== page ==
Pat Barker revisits London’s blitz in ‘Noonday’

Noonday. Pat Barker. Doubleday. 320 pages. $27.95.
Noonday. Pat Barker. Doubleday. 320 pages. $27.95.

Pat Barker is a war baby, born in 1943, and the English author has spent much of her literary life at war. But her lodestone has been World War I. As a child, she sensed it had changed something elemental within her grandfather and stepfather. In the 1990s, she gave voice and shape to that with the Regeneration trilogy, her Booker Award-winning World War I series.

Her 2007 historical novel Life Class, set in 1914, introduced Elinor, Paul and Kit, young, talented students at London’s prestigious Slade School of Fine Art. Their hormones and artistic ambitions were still raging, along with the war, in Barker’s next novel, Toby’s Room. Kit, Elinor and Paul return in Noonday, the final book of the trilogy, as does the tension between creation and destruction. What has changed is the war. Their braided-together lives fray as London is besieged by the blitz.

Like The Heat of the Day, Elizabeth Bowen’s 1948 erotically charged World War II novel, Noonday portrays the emotional impact of war fought on the home turf. Elinor and Kit volunteer as stretcher bearers, Paul as an air raid patrol warden, but Barker juxtaposes their stiff-upper-lip efforts by peeling back to what lies beneath the surface. Elinor’s marriage to Paul falters. Kit, once the enfant terrible of London’s art scene, drinks. The three characters, now in their 40s, are — or were — fiercely competitive artists of note.

But art, along with sex, has become something muted, private and slightly shameful as they plod along “rubble-strewn roads, through puddles of water filmed with oil,” through bleak days and blacked-out nights. Paul, who served in France during the first World War, now feels “fear in the safety of his own home, and that meant nowhere is safe.”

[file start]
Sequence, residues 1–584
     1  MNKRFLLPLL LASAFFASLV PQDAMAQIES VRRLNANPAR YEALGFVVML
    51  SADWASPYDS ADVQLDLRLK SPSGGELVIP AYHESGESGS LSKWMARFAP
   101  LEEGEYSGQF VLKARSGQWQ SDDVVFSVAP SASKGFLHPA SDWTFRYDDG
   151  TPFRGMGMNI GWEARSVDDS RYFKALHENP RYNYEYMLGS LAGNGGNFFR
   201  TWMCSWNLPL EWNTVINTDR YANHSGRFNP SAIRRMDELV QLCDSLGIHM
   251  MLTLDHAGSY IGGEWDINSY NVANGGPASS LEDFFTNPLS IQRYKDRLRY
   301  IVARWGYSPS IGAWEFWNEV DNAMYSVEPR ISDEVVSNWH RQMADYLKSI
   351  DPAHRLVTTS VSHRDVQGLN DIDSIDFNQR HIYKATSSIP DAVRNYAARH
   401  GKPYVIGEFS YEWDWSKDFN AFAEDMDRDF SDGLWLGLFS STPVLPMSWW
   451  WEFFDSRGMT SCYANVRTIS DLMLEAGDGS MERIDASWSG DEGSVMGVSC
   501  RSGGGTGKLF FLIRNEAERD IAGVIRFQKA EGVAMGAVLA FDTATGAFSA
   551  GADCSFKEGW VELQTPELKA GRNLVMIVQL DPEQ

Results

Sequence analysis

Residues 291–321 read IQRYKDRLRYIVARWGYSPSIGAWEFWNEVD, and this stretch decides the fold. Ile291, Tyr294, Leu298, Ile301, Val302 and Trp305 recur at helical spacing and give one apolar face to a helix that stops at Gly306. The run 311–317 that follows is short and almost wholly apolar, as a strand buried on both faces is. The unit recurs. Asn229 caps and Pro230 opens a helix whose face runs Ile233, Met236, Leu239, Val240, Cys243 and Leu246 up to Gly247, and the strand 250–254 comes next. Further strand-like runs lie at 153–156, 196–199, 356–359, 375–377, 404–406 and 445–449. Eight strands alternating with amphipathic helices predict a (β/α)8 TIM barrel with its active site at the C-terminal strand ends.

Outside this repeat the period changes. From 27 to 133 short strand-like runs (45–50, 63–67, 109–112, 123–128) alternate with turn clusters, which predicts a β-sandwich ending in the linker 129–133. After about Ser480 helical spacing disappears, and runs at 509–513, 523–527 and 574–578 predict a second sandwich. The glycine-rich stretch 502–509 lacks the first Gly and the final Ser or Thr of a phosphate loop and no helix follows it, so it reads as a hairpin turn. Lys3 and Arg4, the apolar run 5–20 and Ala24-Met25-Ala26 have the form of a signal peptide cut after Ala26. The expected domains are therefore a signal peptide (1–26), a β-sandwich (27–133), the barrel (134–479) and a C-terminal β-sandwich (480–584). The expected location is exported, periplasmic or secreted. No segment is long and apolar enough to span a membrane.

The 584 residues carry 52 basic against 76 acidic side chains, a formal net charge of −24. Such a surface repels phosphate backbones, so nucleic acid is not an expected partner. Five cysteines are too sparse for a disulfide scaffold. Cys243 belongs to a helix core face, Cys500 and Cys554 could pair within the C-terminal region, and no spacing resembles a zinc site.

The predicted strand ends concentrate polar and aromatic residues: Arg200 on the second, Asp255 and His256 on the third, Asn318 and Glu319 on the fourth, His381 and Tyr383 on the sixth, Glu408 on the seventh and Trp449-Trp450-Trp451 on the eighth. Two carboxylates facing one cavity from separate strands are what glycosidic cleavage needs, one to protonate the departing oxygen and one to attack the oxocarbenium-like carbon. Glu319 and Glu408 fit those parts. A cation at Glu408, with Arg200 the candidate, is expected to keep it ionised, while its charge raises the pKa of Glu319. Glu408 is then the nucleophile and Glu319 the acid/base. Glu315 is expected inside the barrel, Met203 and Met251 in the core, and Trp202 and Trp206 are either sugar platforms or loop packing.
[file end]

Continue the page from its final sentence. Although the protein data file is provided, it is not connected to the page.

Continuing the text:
When Paul and Elinor’s house is bombed, Paul reacts with giddy elation, a sense that he and Elinor now “live outside time,” that the rules and constraints of life no longer apply. The furtive ways he and the other characters snatch shreds of solace — tumbling into a bottle or a stranger’s bed — have their own loopy energy and logic. Such scenes also help lift a novel which has loss at its core — loss of home, love, family, stability, self. However, the characters’ emotions feel buried beneath the wreckage, their life force a casualty of war.

Alas, the same might be said of Noonday. The transition from Toby’s Room to Noonday feels rough, and Barker’s use of multiple points of view further muddles matters. The novel is an ambitious conclusion to the trilogy but is lacking as a stand-alone read.

Barker saves her best writing for two unrelated characters who help drive the plot. Noonday opens with a young orange-haired evacuee known only as Kenny. who has been sent to live in safety at Elinor’s family home in the country. Kenny is silent, sullen, homesick. “Oh, and he ate himself, that was the other thing. He was forever nibbling at his fingernails, tearing at his cuticles, picking scabs off his knees and licking up the blood.”

The story’s other catalyst is Bertha Mason. Grotesquely obese and down on her luck, Bertha is a “spuggie” or medium who communicates with the dead. “First time she clapped eyes on him, she thought: You’re not long for this world, son.”

Barker may be exhibiting battle fatigue, but as ever, her depiction of war is searing and spot-on. She grounds Noonday with historical fact and offers telling physical detail, from the “mean, sneaky smell” of a gas leak to Elinor noticing — and drawing — the weeds pushing up through the ruins of her bombed-out city. There is “no crack so narrow, no fissure so apparently barren, it couldn’t support . . . life.” Glimmering moments like these make fans look forward to what Barker will write next.

Ellen Kanner is a writer in Miami.